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House committee grills USDOT on transit funding delays

The House Transportation and Infrastructure Committee held an oversight hearing on Tuesday, July 16, to question the Federal Transit Administration (FTA) about its ongoing failure to release billions of congressionally-appropriated funds for local transit projects in a timely fashion through the transit Capital Investment Grant (CIG) program.

Bird's eye view of construction on a wide road in Los Angeles.

Construction on the Crenshaw/LAX line in Los Angeles. Photo by LA Metro.

While the hearing’s second panel was far less informative or helpful (more on that later), the first panel consisted solely of Acting FTA Administrator K. Jane Williams answering questions from a number of committee members about the impacts of USDOT’s and FTA’s efforts to slow down grants from the lone federal program dedicated to building new and expanded public transit. 

Chairman Peter DeFazio (D-OR) opened strong, reporting committee staff’s analysis of FTA’s data on its administering of the Capital Investment Grant (CIG) program. (You can read the full findings here.) Staff found that delays in obligating CIG funds have doubled since the Obama administration, despite Trump administration claims that “environmental reviews” were what slowed down delivery, according to DeFazio. 

Committee staff also found that the CIG cost share of transit projects has decreased, falling from an Obama administration height of CIG funds composing 50 percent of a project’s funding to now, where CIG funds constitute no more than 36.6 percent. According to DeFazio, this is because the FTA has made it known to transit agencies that projects asking for “over 40 percent won’t be funded or will receive a low rating.” 

The FTA’s spreadsheet sleight-of-hand 

Back in April, the FTA released a statement announcing $1.36 billion in federal funding “allocations” to 16 projects. As we’ve noted already, allocations are simply a spreadsheet exercise. While normally an important step in the typical process for grants, no agreement is signed, no money changes hands and local communities are not able to proceed with construction.

In her testimony, Acting FTA administrator K. Jane Williams referenced allocating $825 million worth of CIG projects this year, saying that, “in our administration, when we make an allocation, it is our signal that we will sign a grant agreement.” 

That was certainly the case during previous administrations, and the Acting Administrator’s comment is welcome. However, the Acting Administrator did not state how long communities should expect to wait between an allocation and a grant agreement. Indeed, FTA’s actions over the last two-and-a-half years tell a different story. Under this administration, projects have languished for months after receiving an allocation. Many that received allocations last year are still waiting for their signed grant agreement that actually give them the funding to proceed.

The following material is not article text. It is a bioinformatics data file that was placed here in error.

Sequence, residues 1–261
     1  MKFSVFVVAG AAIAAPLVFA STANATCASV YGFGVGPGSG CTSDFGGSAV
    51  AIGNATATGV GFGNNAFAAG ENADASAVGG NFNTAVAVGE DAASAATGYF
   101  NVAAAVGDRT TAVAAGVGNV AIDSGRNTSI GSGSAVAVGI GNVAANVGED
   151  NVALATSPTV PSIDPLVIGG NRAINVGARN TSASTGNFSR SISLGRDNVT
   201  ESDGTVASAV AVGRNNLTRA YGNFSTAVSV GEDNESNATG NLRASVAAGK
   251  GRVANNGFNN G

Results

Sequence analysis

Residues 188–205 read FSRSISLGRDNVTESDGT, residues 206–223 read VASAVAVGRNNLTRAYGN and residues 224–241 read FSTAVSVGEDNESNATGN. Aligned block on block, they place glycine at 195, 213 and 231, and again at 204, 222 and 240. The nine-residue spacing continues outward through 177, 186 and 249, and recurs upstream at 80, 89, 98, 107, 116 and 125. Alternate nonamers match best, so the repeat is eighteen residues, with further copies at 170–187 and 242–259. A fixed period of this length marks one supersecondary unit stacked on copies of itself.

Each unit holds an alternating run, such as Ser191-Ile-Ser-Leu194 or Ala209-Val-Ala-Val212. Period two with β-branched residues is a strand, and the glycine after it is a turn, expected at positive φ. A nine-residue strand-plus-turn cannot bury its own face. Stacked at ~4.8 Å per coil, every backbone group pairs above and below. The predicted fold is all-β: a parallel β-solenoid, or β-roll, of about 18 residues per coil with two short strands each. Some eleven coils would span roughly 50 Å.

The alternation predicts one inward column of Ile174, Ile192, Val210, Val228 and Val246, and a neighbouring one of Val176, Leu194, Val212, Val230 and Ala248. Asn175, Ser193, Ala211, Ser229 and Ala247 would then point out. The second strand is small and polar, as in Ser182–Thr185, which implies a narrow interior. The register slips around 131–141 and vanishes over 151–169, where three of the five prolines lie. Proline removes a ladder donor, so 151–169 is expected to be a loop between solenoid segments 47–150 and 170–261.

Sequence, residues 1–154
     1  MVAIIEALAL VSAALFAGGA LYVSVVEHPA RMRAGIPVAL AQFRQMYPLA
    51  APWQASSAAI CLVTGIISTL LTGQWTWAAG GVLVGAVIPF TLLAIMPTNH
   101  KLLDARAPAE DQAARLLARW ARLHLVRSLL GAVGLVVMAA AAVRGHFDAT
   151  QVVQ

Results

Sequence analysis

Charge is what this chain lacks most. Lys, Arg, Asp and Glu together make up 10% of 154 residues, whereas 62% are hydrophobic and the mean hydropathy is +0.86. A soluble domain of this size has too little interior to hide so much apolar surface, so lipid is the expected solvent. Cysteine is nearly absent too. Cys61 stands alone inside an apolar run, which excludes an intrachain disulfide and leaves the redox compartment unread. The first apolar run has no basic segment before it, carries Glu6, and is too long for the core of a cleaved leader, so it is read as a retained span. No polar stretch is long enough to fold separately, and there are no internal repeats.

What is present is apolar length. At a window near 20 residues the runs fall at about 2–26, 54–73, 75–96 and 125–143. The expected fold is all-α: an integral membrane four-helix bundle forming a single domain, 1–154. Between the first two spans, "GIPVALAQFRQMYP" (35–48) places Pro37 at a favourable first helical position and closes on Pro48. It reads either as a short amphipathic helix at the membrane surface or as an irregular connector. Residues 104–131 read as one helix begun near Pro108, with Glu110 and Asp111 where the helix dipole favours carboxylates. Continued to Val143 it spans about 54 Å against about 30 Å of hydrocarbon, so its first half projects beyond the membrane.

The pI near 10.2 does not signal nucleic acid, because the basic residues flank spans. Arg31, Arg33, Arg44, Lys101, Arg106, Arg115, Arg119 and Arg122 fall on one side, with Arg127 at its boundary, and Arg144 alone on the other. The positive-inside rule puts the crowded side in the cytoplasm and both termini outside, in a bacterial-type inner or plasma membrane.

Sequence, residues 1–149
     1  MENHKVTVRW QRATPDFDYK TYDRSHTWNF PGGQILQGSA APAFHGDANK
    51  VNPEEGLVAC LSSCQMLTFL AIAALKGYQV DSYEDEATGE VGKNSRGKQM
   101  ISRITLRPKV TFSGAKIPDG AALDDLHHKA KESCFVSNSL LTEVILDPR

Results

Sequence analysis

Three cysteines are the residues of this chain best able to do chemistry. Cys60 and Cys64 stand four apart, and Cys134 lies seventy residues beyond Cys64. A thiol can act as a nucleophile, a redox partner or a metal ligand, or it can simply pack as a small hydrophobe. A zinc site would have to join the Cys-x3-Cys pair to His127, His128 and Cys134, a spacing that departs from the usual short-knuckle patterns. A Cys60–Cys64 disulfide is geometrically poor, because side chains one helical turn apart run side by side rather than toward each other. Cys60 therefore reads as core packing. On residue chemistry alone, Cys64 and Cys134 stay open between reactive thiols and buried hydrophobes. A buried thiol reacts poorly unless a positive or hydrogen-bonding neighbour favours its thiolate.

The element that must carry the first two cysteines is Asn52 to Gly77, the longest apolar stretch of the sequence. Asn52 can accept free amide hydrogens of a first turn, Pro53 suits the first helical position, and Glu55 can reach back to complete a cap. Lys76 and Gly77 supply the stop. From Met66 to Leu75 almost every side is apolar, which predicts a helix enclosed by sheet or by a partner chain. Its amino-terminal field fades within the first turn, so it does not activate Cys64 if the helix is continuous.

Because Trump’s USDOT requested zero dollars for new transit projects for two years , FTA also halted the standard practice of publishing clear reports along with the annual budget request that specifically described which projects would receive funding that fiscal year. Without these reports (and even less information publicly available online) it is difficult for Congress and the public to hold the FTA accountable. Allocating funds without these reports, and without a clear commitment to advancing projects through the pipeline, is confusing and misleading to the public.

There are certainly delays coming from somewhere

Acting Administrator Williams was asked very directly about delays for these projects, and she gave a direct but very carefully worded answer: “There is not an FFGA, SSGA or Letter of No Prejudice on my desk, my leadership’s desk, or OMB’s desk. So there are no delays happening.” When asked a follow-up question about her answer, she affirmed that “there is not one single project waiting for my action as I sit here today.”

But that’s exactly the problem: nobody—transit agencies, local governments, or us at T4America—know precisely what is causing delays. This is made worse by the FTA no longer publishing the reports that enable Congress and the public to hold them accountable. 

The Acting Administrator blamed delays on local communities. However, we know that it has been nearly 500 days since FY2018 appropriations were signed, and FTA still has not identified the specific CIG projects for all of the available 2018 funding. We also know that local communities and project sponsors report poor communication with FTA, a lack of transparency, and numerous bureaucratic hurdles to advancing projects.